CompuCredit's Tech Mix Tackles Risks, Claims and Fraud

A credit card giant demonstrates why BI, business process management and business rules are a powerful (some would say inevitable) combination.

Doug Henschen, Executive Editor, Enterprise Apps

December 14, 2006

3 Min Read

Business intelligence, business process management and rules engine vendors are forging alliances and integrating systems right and left. So how does all this technology work together? Credit card giant CompuCredit is making the most of the combination, applying BI and business rules to customer service, dispute resolution and fraud detection processes.

One of the largest direct marketers of branded credit cards, CompuCredit has built its business on best-of-breed risk analysis. "Our core competency is building behavioral models that help us manage risk," says CIO Guido Sacchi. "Our analysis of risk, as it relates to each individual customer, needs to be as accurate and as real-time as possible."

CompuCredit builds its own behavioral models using SAS for statistical modeling and Business Objects BI software for query and reporting. The models inform decisions on everything from accepting a new credit card applicant to cross-selling products to flagging potentially fraudulent transactions.

"Informing" is different than handling those transactions, however, so roughly 18 months ago, CompuCredit selected BPM and rules engine vendor Pegasystems to help it automate customer service processes.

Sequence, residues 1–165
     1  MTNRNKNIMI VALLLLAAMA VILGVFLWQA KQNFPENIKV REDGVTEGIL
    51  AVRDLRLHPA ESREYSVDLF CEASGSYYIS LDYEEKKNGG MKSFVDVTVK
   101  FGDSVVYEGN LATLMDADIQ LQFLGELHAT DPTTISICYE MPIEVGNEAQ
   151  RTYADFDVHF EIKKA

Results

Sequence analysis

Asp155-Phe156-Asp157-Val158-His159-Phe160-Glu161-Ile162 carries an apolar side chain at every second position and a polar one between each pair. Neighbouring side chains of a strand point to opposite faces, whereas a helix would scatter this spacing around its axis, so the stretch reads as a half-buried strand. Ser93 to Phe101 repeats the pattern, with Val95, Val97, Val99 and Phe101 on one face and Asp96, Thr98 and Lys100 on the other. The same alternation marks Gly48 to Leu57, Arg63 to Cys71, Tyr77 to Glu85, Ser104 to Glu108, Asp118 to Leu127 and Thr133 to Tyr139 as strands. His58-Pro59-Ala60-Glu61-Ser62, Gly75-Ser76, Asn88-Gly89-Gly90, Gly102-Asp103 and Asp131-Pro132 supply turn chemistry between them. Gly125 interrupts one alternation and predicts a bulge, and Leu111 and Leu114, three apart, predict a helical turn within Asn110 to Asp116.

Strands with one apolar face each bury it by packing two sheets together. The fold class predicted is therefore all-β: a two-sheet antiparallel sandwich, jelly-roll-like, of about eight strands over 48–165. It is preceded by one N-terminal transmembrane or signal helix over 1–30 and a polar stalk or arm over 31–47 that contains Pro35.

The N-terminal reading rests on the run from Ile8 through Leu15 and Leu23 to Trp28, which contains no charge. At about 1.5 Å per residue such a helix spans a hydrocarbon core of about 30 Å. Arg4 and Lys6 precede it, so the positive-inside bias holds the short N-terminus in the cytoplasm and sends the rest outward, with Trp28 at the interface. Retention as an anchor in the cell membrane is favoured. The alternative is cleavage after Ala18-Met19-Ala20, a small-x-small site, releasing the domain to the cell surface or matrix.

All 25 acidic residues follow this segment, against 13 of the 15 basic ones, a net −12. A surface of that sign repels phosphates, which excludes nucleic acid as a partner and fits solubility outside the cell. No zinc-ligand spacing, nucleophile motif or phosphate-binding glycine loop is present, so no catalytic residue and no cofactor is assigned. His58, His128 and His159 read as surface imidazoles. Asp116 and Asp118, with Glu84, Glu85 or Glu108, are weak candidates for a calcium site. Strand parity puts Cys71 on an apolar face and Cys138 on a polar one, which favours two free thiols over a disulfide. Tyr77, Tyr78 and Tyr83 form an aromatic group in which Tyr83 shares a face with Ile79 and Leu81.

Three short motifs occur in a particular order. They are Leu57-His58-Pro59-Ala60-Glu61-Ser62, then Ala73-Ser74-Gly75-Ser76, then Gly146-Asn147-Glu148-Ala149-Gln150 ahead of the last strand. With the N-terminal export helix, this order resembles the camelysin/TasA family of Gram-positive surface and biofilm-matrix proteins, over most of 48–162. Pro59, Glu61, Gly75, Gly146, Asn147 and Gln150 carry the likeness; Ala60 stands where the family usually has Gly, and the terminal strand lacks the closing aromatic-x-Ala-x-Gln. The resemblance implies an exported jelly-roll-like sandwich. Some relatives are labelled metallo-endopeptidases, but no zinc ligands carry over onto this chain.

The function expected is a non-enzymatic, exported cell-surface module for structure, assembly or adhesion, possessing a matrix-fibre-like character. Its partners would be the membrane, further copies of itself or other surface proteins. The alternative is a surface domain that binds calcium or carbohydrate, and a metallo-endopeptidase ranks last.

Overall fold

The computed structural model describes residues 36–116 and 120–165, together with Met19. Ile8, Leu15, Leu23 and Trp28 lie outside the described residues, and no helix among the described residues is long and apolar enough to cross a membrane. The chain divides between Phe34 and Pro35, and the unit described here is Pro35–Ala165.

"We use Pega as a sort of CRM suite for directing interactions between the customer service agents and the customers," Sacchi explains. "The software has built-in workflows that are very easy to change because of the BPM approach, and we can apply other tools to these processes such as business analytics."

The analytics can be used to study process-generated data and spot trends such as an increase in call volumes tied to a particular region, a particular merchant or particular type of transaction. While they're working on the source of the problem, CompuCredit could develop a temporary outgoing (IVR) voice message for related customer support processes acknowledging the problem and, hopefully, circumventing calls.

In another example, data flowing from a cross-selling campaign inserted into a customer service process can be quickly analyzed to gauge success and determine whether it should be expanded, revised or abandoned.

Sacchi says CompuCredit chose Pegasystems in part because "we are believers that we can simplify and change the process much more easily if it is rules based," he says.

As an example, CompuCredit launched a customer dispute resolution process this summer to help automate what had been a highly labor- and paper-intensive task. The BPM software has cut processing time from weeks to days, says Sacchi. Rules are used to ensure compliance with tight deadlines and requirements imposed by Payment Card Industry (PCI) standards, Visa and Mastercard as well as state regulators. The beauty of embedding these requirements as rules is that they can be quickly changed without impacting the underlying process.

As for BI's role, dispute resolution "has to be connected to risk analysis capabilities so the card activity gets monitored and we can flag activities that might be a signal of fraud or identity theft," says Sacchi. Thus, the combination of BI, BPM and rules ensures a complete, compliant, quick and well-informed response to customer service needs.

About the Author(s)

Doug Henschen

Executive Editor, Enterprise Apps

Doug Henschen is Executive Editor of InformationWeek, where he covers the intersection of enterprise applications with information management, business intelligence, big data and analytics. He previously served as editor in chief of Intelligent Enterprise, editor in chief of Transform Magazine, and Executive Editor at DM News. He has covered IT and data-driven marketing for more than 15 years.

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